Anyway, I’ll probably write a dedicated article about this in the future.
Other numbers to consider
Of course there are other numbers to consider when applying the 100-10-3-1 rule and when “doing the numbers”.
Numbers like After Repair Value (ARV), projected repair costs, target profit, Maximum Allowable Offer(MAO), Cash on Cash Return (CCR), Return-On-Investment or Return Of Investment(ROI), Net Operation Income(NOI), Cashflow, etc., to name a few, also need to be considered.
For each of these numbers, you as the real estate investor will ultimately have to decide what is acceptable for you. These numbers will determine if a foreclosed property is a good deal or not.
If this sounds too daunting and tedious for you, I would be the first to say that investing in real estate might not be for you.
But there’s no harm in trying, right?! Imagine what could happen if you consistently did this until doing the numbers became a habit and then you actually became good at finding properties that have good investment potential!
No, I won’t have time to explain all of these numbers now, but one by one, they will be covered here soon.
Sometimes it’s all in the mind
What happens around us can mess up how we think. For example, a bad experience can “blind” us in a way, let me explain…
I still remember during the early part of 2008 when I found myself unable to find any good deals in any of the listings of foreclosed properties that came my way.
I was disgusted with what she allegedly did (as far as I know, the case is still pending, which is why I still use the word “allegedly”). The complainants were people who trusted her (some of which were people I know… myself included, although my monetary loss was insignificant compared to others’).
Because of this whole incident, I decided to invest in mutual funds instead of real estate.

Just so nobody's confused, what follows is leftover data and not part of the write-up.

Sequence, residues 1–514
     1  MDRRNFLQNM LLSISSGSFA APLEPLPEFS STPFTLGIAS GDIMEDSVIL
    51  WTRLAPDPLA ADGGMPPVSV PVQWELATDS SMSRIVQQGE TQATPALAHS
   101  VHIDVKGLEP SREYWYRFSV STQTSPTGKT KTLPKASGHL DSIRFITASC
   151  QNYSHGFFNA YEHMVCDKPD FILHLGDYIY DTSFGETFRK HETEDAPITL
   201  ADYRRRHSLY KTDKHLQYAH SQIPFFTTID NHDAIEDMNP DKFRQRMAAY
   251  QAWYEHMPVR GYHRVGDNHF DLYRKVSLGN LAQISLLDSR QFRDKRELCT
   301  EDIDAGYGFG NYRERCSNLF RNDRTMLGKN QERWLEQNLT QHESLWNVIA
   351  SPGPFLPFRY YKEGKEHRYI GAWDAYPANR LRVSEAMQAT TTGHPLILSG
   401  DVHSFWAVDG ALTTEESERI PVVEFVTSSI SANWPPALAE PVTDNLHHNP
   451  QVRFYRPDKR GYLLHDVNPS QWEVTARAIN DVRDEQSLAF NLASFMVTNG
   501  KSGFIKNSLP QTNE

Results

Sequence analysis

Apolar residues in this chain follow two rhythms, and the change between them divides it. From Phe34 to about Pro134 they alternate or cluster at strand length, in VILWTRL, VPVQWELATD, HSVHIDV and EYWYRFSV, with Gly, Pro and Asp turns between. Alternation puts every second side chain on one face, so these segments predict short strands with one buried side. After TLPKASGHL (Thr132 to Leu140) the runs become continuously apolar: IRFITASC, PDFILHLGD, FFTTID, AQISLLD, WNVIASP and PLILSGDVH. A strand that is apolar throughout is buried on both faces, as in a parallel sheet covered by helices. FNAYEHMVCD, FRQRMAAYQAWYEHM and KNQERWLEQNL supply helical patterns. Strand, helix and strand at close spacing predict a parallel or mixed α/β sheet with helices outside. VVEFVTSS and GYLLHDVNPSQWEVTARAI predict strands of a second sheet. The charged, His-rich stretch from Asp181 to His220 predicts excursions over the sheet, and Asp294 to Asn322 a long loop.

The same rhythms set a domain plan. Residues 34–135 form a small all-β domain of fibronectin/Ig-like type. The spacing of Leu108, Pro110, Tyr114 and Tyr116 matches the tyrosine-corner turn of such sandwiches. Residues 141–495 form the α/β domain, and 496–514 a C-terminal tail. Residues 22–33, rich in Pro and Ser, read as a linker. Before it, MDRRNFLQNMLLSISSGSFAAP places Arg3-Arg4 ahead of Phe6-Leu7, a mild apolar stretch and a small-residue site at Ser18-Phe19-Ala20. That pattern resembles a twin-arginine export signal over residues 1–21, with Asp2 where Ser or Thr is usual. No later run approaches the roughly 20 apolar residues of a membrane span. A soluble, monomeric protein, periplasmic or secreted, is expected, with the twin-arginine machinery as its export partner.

My respite from real estate investing however was short-lived because I eventually met another mentor, Doctor Jon Abaquin, who was also featured in Larry Gamboa’s book “Think Rich Pinoy”(see page 155).
In one meetup, Doc Jon challenged me and a couple of my friends… each of us must buy a “Good” property within 90 days.
Lo and behold, from the same listings lying on the table in my bedroom where I could not find any suitable properties, all of a sudden I was able to pinpoint at least 3 very promising foreclosed properties from 3 banks.
I ended up submitting an offer for the most promising one. Later, that one offer got accepted. 🙂
That experience opened my eyes…
From that point onwards, deep inside I knew that there really are good, and great deals out there, I just have to look a little bit harder!
What if I found a promising foreclosed property but lack money to invest?
My take on this: Financial literacy is a prerequisite to real estate investing.
Being financially literate leads to proper management of one’s money and finances, which should then help one save enough capital for investing. When that right deal comes, you will be ready.
I also believe that being financially literate means not biting off more than you can chew. Establish your target price range and focus on properties you can truly afford while consistently building your capacity to earn/capital…
If you think that would take too long, then another option would be to find investors for your deal, although personally, I would recommend that beginning investors do it by themselves, especially on the first few deals.
I believe you should build your track record with your own money first before risking other investors’ money. If you can’t even handle your own money, how do you expect to be able to handle the money of investors?! Sorry if I may sound harsh, but hey, this is just my opinion.
So how many properties have you looked at?
Have you looked at 1, 2, 3… and have given up already? If yes, you are NOT looking hard enough.
Remember, the more you look and do the numbers, the greater the chance that you’ll find that real estate investment for you.
Now you know what to answer the next time someone asks you, “Are foreclosed properties good investments?”
Simply tell them NOT all foreclosed properties are good investments. Majority are bad, but there are still a few good deals out there. You just have to be patient and look for them.
I’m pretty sure most of you out there will eventually encounter this question once you decide to invest in foreclosed properties and people learn what you do.
Well, I hope to help save you the trouble of coming up with your own answer, which can turn out to be a very long one, just like mine. If you want, you can just send them over here, and I hope my answer above will be of help.
Got more questions about investing in foreclosed properties? Let me know by leaving a comment below.
Good luck and happy investing!
To our success and financial freedom!
Owner and founder, ForeclosurePhilippines.com
Text by Jay Castillo and Cherry Castillo. Copyright © 2022 All rights reserved.
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Note: This article was first published last August 30, 2010 and I updated it a bit when I read it after a decade. 🙂